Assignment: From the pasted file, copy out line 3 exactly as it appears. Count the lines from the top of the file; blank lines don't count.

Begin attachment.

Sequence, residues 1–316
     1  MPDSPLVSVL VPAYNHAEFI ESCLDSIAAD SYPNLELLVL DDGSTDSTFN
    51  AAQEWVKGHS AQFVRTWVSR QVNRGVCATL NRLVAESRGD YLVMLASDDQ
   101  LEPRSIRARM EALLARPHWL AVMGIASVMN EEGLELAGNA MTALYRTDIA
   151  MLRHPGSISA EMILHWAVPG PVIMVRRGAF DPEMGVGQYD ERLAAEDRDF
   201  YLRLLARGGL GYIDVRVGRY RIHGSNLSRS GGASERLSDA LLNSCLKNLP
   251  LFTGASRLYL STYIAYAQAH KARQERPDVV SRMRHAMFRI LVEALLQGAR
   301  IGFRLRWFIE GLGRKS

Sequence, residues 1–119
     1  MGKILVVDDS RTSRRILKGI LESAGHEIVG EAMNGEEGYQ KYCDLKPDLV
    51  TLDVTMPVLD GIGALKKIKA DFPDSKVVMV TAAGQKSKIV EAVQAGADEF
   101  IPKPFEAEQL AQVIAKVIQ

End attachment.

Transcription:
    51  AAQEWVKGHS AQFVRTWVSR QVNRGVCATL NRLVAESRGD YLVMLASDDQ